Why Full Tension Flap
Why with biphasic calcium sulfate bone cement the flap should be with tension and not tension free as with conventional bone grafting procedures?
With conventional bone grafting, tension free flap and primary closure are mandatory. Otherwise, the graft will get exposed, and we might end up with contamination and graft failure. The reason for that is because biologically soft tissue healing starts by retraction. Due to the fact that the interaction between the soft tissue and graft or membrane underneath doesn’t allow normal healing by proliferation, the flap will continue to retract, and the graft will get exposed. Thus, to compensate for this retraction, the surgical flap needs to be tension free.
The problem with tension-free surgical flap is that the soft tissue manipulation is more invasive, larger flaps are needed to expose the host site, and dissection of the flap compromises the blood supply, and the flap becomes connected to the muscles’ movement, and so it requires higher surgical skills, and it is more traumatic to our patient, (swelling, pain, hematomas).
In contrary, calcium sulfate has impeccable synergy with soft tissue, and the ability to enable the quick and safe proliferation of the soft tissue over its surface without any risk of contamination during exposure due to the graft bacteriostatic nature. The stable structure of the biphasic calcium sulfate cement keeps that proliferation above the surface more predictably.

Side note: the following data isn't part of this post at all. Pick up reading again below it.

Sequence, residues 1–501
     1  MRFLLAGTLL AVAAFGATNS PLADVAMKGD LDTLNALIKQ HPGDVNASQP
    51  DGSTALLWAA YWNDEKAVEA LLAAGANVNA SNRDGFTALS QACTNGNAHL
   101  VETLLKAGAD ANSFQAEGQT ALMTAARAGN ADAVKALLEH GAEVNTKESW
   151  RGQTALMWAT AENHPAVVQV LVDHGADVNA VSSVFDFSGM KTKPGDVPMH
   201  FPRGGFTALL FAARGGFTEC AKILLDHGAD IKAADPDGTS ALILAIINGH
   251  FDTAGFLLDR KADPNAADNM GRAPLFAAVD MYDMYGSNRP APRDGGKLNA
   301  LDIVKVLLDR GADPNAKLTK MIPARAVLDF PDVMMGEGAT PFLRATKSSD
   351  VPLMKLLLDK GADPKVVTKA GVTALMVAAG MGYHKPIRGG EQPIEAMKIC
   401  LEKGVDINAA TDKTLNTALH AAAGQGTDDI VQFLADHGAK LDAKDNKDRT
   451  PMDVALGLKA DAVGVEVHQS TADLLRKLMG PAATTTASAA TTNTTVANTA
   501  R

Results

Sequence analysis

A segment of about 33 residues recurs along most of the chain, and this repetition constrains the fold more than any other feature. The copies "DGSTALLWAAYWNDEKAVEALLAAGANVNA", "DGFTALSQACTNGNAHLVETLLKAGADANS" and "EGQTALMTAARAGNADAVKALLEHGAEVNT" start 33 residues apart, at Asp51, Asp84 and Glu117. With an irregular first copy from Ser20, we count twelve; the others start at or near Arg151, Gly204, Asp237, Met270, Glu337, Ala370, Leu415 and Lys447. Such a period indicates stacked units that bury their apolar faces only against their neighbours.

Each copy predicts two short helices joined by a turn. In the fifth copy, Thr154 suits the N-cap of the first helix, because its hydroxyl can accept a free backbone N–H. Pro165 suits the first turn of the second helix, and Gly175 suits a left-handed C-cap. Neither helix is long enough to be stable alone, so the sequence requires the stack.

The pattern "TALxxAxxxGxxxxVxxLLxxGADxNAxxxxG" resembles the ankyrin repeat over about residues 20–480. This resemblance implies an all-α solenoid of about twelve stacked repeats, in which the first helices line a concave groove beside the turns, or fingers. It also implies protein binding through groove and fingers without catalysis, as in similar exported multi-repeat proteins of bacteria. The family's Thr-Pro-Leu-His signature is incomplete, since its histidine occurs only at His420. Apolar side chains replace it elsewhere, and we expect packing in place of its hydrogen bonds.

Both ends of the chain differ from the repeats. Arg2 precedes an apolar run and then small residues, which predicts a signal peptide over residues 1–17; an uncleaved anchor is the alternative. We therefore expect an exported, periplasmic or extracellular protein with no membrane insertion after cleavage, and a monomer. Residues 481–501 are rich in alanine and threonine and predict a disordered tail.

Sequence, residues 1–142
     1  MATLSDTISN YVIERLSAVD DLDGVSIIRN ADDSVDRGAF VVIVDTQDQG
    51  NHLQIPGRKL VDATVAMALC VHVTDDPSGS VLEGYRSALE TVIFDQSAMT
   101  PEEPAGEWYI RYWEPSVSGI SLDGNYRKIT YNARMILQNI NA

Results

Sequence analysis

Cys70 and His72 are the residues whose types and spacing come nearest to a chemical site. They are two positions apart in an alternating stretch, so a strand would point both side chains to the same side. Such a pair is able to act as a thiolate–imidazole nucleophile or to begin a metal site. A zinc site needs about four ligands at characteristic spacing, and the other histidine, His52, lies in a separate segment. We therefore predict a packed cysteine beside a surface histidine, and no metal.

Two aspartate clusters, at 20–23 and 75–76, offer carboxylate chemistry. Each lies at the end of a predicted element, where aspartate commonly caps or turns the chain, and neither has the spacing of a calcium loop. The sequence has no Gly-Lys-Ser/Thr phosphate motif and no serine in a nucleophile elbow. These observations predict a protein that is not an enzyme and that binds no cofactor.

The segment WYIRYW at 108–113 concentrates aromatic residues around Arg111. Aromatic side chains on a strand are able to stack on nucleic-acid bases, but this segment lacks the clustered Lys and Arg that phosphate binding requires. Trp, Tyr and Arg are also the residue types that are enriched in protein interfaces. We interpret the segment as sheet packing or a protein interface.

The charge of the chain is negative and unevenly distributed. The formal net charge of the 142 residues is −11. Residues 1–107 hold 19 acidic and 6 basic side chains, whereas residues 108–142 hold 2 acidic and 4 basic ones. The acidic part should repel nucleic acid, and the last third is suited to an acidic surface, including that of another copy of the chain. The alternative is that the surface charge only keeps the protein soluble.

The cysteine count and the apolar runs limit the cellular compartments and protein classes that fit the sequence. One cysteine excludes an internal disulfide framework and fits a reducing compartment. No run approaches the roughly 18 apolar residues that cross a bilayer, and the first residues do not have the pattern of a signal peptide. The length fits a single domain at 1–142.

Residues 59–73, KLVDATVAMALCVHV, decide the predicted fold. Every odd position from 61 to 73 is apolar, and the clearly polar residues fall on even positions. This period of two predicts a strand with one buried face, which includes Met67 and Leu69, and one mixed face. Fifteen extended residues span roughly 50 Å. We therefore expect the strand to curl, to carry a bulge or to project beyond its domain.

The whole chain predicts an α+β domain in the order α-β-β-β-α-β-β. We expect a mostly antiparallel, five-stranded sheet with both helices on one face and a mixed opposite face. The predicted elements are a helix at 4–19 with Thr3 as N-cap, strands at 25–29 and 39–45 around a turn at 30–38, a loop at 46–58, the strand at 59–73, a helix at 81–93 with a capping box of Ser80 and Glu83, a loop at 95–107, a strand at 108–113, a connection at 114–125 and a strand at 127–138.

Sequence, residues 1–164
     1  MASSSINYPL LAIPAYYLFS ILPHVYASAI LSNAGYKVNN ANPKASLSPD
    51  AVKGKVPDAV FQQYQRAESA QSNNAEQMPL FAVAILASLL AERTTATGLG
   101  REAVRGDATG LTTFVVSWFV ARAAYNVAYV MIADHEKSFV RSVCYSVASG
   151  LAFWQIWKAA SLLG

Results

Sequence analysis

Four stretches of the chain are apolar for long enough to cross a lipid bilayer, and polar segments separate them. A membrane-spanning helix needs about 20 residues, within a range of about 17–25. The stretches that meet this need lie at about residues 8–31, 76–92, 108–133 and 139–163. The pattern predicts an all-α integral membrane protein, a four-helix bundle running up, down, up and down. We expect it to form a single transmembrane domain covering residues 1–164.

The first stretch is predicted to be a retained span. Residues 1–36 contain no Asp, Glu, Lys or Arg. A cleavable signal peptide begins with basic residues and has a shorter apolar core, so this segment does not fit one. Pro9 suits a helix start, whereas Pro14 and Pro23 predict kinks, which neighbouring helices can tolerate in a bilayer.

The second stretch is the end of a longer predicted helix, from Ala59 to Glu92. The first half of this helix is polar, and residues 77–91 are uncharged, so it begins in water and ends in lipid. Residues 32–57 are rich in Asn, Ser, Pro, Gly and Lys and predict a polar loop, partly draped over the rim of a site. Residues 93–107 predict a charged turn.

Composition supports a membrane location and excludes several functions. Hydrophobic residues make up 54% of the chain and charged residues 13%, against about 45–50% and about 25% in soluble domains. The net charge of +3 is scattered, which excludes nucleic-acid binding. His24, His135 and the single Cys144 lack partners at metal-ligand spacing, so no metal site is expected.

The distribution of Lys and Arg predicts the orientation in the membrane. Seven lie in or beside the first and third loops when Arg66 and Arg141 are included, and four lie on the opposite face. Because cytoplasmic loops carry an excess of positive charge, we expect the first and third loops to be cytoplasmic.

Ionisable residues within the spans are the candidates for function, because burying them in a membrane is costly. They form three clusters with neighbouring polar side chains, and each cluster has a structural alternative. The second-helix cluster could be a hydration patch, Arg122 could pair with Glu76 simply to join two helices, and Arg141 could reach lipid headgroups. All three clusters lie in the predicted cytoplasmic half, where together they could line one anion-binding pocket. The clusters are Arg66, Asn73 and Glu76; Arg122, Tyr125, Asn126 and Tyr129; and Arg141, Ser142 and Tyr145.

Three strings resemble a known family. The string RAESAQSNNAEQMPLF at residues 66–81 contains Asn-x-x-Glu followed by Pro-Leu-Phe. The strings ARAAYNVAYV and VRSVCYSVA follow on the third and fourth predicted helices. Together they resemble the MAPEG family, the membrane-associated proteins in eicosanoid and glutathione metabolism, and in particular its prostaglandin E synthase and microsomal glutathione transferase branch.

These characteristics of biphasic calcium sulfate enable our patients to benefit from less invasive surgical procedures; the procedure is fast and less complicated, and no involvement or influence of the muscles on the flap stability (the flap and the graft is kept stable during the healing phase). As a result of minimal flap reflection and lack of muscle involvement with the flap, post-operative pain is minimized, hematomas are practically not apparent, and swelling is significantly reduced.
There is no need for higher soft tissue manipulation skills and experience while applying the graft material, and it is extremely easy for us as clinicians.
All is needed is to reflect the flap only 3 mm beyond the MGJ to place the cement and stretch the soft tissue for closure (3 mm into the mobile mucosa will enable 6 mm stretching together with 3 mm of graft exposure we can have a potential 9 mm of horizontal width) which is sufficient for almost any horizontal volume loss.
It is a huge advantage for our patients and us. Something that we didn’t have up until now.
Why No Membranes
Why no membranes or PRF or any additives should be placed between the cement and the flap?
Unlike common graft materials, which require containment, BCS cement does not need that.
In fact, even for allograft or xenografts or other particulate alloplasts, membranes are not needed for the graft to convert to the bone. The reason, however, membranes are a MUST with those products is due to containment. Without containment, the particulate grafts will migrate everywhere under the loose flap (since the require tension-free primary closure) and the graft will fail on volume and quality (the result will not be bone since there will not be particulate cohesiveness).
This fact makes all the difference. The BCS is self-contained. Once placed and pressed in to place as described by our protocols, the graft stays there and closure of the flap should proceed right away.